Government in England and the Colonies

The governments in America today are similar in many ways to the governments of the thirteen colonies. In the original “New England” each town was directed by town meetings and in the south counties were headed by sheriffs or constables. There are still town or representative town meetings and county governments in many states. Like the states today, each colony was run by a government headed by a governor and a legislature. The thirteen colonies were under a legislature, the British Parliament, (similar to the current congress) and a King whose powers were not that different from those granted the American President.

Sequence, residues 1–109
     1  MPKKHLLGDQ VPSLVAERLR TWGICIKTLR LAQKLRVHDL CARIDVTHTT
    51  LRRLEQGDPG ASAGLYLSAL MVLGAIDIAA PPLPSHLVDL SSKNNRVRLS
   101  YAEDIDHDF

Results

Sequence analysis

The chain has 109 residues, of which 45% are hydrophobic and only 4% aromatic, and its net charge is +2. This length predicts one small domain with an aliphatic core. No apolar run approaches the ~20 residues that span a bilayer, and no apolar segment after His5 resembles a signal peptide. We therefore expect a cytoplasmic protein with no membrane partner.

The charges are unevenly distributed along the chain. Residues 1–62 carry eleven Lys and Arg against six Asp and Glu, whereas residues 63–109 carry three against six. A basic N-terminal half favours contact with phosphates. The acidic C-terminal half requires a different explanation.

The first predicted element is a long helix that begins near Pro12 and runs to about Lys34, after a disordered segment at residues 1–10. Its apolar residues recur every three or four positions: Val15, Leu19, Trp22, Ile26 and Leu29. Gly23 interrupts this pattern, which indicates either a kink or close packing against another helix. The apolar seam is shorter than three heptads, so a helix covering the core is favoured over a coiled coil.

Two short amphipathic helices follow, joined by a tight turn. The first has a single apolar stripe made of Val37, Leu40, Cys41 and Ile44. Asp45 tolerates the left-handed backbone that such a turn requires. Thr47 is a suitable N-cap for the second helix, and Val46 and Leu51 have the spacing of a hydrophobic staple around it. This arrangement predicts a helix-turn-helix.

British rule in the colonies was enforced by the colonial governor. He was usually appointed by the King and he served as the chief law enforcement officer in the colony. The governor seemed all powerful but the royal governors often met determined resistance from colonial assemblies.

Analysis of Structure and Function of Government in England and Colonies

Executive (Enforce Laws)

  • England: King
  • Colonies: Governor
  • U.S. Today: President

Legislative (Make Laws)

  • England: Parliament: House of Lords & Commons
  • Colonies: Council & Assembly
  • U.S. Today: Congress: Senate & House of Representatives

Judicial (Interpret Laws)

  • England: Courts leading to House of Lords
  • Colonies: Courts leading to Council
  • U.S. Today: Courts leading to Supreme Court

Source: Government in England and the Colonies
Thomas Ladenburg copyright, 1974, 1998, 2001, 2007

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